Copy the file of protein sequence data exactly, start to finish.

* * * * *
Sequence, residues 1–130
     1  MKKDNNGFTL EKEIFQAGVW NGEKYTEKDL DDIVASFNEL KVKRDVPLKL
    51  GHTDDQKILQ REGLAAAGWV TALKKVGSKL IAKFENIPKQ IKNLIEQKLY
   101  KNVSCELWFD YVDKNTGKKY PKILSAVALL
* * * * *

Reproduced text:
Sequence, residues 1–130
     1  MKKDNNGFTL EKEIFQAGVW NGEKYTEKDL DDIVASFNEL KVKRDVPLKL
    51  GHTDDQKILQ REGLAAAGWV TALKKVGSKL IAKFENIPKQ IKNLIEQKLY
   101  KNVSCELWFD YVDKNTGKKY PKILSAVALL